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Spring Clean Your Office

Spring Cleaning used to be so easy… hold on a minute, before you come after me with your brooms and pitchforks, hear me out. The spring cleaning of the 1950’s may have been physically demanding, but today’s spring cleaning is mentally exhausting. The benefit gained from washing machines, vacuum cleaners and steam mops, has been quickly overshadowed, and then some, by PTA meetings, carpools, jog-a-thons, night classes and business trips.  Need I go on?

For me, spring cleaning has become less about traditional cleaning tasks and more about clearing out the clutter, figuratively and literally.  Here is how I tackle this arduous task.

I like to start any big project by procrastinating breaking it down into pieces. First, identify what needs to be done and make a list in order of priority.  Next, simplify the list, removing anything that is not possible in the allotted time frame. How do you prioritize or simplify the list?  Chores that can be done quickly and easily will give you a feeling of accomplishment, so get those out of the way.  Finally, you’ll want to spend the most time organizing the space(s) where you physically spend the most time.  Make sense?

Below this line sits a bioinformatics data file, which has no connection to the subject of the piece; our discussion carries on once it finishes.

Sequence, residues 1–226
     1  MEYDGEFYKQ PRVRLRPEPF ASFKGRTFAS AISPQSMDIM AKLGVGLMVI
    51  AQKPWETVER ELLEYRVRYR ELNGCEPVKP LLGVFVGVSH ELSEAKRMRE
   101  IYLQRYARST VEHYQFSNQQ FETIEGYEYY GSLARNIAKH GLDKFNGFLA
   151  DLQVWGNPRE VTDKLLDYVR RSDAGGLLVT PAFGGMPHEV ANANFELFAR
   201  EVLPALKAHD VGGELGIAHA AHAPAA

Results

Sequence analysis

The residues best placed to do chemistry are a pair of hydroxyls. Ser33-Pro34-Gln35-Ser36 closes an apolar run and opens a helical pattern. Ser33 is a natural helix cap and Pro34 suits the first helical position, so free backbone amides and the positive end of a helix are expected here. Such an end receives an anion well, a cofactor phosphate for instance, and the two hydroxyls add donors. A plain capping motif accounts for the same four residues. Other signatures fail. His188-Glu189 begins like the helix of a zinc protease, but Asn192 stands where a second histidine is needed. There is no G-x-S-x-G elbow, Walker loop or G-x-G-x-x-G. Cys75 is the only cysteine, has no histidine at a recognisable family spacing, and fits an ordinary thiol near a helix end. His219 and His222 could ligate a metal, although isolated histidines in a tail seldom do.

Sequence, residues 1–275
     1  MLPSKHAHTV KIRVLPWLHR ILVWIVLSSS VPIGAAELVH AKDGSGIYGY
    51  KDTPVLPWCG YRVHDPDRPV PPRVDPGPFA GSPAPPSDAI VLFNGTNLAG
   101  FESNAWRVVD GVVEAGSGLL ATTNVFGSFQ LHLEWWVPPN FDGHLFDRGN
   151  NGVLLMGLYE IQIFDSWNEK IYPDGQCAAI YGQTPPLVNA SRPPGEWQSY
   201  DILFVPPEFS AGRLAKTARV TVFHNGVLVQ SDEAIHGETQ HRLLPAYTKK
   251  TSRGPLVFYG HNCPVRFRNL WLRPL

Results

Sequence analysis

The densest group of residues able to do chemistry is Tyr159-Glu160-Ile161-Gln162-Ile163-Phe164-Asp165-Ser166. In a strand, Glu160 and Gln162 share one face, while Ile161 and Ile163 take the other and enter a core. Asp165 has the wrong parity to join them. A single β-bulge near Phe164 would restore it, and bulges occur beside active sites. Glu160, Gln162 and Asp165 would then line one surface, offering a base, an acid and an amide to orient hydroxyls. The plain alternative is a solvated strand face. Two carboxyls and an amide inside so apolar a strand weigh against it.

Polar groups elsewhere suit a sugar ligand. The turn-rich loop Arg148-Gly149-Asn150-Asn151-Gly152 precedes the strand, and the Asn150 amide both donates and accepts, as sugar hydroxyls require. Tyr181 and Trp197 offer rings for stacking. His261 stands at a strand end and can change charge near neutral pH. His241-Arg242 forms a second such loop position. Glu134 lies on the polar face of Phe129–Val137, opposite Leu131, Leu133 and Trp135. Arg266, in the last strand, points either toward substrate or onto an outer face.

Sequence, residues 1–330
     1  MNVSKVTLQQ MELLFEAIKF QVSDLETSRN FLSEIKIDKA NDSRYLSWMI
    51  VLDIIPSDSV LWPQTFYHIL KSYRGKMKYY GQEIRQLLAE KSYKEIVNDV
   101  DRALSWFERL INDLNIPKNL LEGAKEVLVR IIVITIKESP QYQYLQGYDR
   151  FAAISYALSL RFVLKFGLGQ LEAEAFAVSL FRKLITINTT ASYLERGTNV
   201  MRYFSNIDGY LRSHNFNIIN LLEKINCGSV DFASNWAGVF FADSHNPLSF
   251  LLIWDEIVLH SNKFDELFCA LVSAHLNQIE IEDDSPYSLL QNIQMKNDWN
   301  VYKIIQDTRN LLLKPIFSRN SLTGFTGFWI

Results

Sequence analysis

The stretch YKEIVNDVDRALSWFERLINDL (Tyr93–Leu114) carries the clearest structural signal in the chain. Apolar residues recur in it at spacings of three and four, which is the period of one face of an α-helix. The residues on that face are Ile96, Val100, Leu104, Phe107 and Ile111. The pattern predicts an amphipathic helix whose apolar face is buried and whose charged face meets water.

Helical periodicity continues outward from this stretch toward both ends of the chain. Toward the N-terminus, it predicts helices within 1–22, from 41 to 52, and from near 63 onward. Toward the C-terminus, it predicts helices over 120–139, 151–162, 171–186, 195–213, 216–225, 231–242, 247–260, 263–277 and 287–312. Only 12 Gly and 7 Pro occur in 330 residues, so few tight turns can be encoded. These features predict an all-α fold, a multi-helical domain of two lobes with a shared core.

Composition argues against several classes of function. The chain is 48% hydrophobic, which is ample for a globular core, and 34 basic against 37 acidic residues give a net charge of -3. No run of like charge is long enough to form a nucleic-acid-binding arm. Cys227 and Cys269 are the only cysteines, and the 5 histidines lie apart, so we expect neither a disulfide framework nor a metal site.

Where do I spend most of my time?  My office, of course.  Oddly enough, my office becomes a disaster when I have frequent business trips or meetings.  I return to my office with paperwork, dump it on the floor or desk and head out to the next trip or meeting. You’ve no doubt seen photos of my office, but I cleaned up those days. Being organized isn’t about having perfect spaces, it’s about being able to clean up quickly as needed.

Is your office in need of a spring cleaning?  Here is a checklist you can use.

Spring Cleaning Checklist

Some final thoughts. Please be realistic about what to keep and what to discard.  The projector you’ve been meaning to sell (for the last 3 years)? Donate it.  Yes, you may be able to get a few bucks for it, but if you are feeling overwhelmed and end up in therapy, your medical bills will be far more than the proceeds from old office supplies.

The files “desktop” and “my documents” were not intended as a catchall.  Would you file all your paperwork in a file titled “misc.”? Treat your computer like your paper files.  Set up actually folders to group like documents. Be especially careful saving items to your desktop.  This will slow-down your computer on start-up.  Your computer desktop was really only intended for work-in-progress or files accessed daily.

At last, your office is clean. Reward yourself by adding a personal touch to your workspace, a candle, fresh flowers or some lovely desk accessories. You deserve it!